Latest Rail News

25.02.14

Researchers unveil high-speed rail vibration assessment system

Researchers in Edinburgh and Belgium have developed a new vibration assessment method to predict how much a new high-speed railway would shake the ground around it.

Such vibrations and disrupt sensitive equipment nearby and have other knock-on effects, but full impact assessment require “expensive and impractical” vibration tests.

Instead, the researchers used existing soil property data from the Natural Environment Research Council (NERC) British Geological Survey and a new computer model to make free and accurate predictions. The model has already been tested on Belgian high-speed lines and on HS1.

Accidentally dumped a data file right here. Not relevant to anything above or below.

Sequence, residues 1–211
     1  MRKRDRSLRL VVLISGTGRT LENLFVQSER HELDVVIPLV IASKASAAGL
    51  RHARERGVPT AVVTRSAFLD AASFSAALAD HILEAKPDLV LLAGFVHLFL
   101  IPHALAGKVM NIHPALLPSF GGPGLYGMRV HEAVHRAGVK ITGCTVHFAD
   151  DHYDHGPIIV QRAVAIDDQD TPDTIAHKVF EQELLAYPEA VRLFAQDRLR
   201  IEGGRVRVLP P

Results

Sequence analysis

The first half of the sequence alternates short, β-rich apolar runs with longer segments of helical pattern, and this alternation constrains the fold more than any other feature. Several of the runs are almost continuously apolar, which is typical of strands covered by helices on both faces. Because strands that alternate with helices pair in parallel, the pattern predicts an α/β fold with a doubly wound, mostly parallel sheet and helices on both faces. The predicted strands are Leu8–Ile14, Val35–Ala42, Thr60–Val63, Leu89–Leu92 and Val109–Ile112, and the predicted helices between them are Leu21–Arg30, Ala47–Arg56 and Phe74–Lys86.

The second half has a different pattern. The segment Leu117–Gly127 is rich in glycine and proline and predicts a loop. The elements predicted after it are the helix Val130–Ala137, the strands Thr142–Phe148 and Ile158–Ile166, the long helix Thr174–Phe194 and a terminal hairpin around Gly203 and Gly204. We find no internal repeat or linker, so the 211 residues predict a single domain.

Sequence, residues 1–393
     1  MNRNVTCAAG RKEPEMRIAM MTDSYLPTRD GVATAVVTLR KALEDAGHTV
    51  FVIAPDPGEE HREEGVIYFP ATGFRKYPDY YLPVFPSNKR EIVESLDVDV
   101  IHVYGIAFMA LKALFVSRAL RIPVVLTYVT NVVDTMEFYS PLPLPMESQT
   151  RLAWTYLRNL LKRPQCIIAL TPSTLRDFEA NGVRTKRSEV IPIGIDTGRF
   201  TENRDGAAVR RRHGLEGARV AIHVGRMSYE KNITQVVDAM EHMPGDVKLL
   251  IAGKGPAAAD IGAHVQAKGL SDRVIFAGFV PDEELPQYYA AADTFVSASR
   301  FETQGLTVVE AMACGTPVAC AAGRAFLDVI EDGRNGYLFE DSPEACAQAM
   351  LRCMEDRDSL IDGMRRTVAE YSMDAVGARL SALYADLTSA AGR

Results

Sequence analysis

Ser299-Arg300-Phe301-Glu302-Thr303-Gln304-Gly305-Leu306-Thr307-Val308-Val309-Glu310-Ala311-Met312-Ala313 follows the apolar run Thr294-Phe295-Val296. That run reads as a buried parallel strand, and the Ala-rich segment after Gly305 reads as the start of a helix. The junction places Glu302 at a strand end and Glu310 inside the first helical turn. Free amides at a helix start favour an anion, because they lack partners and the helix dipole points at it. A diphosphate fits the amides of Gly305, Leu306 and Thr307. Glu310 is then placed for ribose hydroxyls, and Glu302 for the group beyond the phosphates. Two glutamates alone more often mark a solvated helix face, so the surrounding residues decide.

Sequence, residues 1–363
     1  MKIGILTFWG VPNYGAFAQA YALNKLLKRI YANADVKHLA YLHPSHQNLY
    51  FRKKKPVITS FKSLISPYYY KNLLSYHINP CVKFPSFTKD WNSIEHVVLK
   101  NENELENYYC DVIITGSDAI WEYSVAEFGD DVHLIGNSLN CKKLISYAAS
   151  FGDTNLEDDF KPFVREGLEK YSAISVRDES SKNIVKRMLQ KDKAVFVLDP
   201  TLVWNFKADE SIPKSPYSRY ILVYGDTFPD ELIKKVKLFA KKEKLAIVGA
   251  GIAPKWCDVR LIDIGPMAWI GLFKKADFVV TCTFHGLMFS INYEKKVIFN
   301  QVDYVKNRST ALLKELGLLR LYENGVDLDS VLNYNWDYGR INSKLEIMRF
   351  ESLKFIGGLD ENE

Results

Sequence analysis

Dr David Connolly of Heriot-Watt University in Edinburgh, lead researcher on the project, said: “The big challenge in this area is that vibration assessment is a very slow process; it's very computationally demanding so previously some models took days or weeks. I was developing a new technique to predict this vibration. My tool is instant.

“The way I designed it is to use existing data. A big challenge with performing one of these vibration assessments is that you don't want to have to spend time and money investigating soil properties, so this tool can use historic or existing soil records and then build a picture of soil and use a machine learning approach to build a vibration report.”

The new study was published in Soil Dynamics and Earthquake Engineering.

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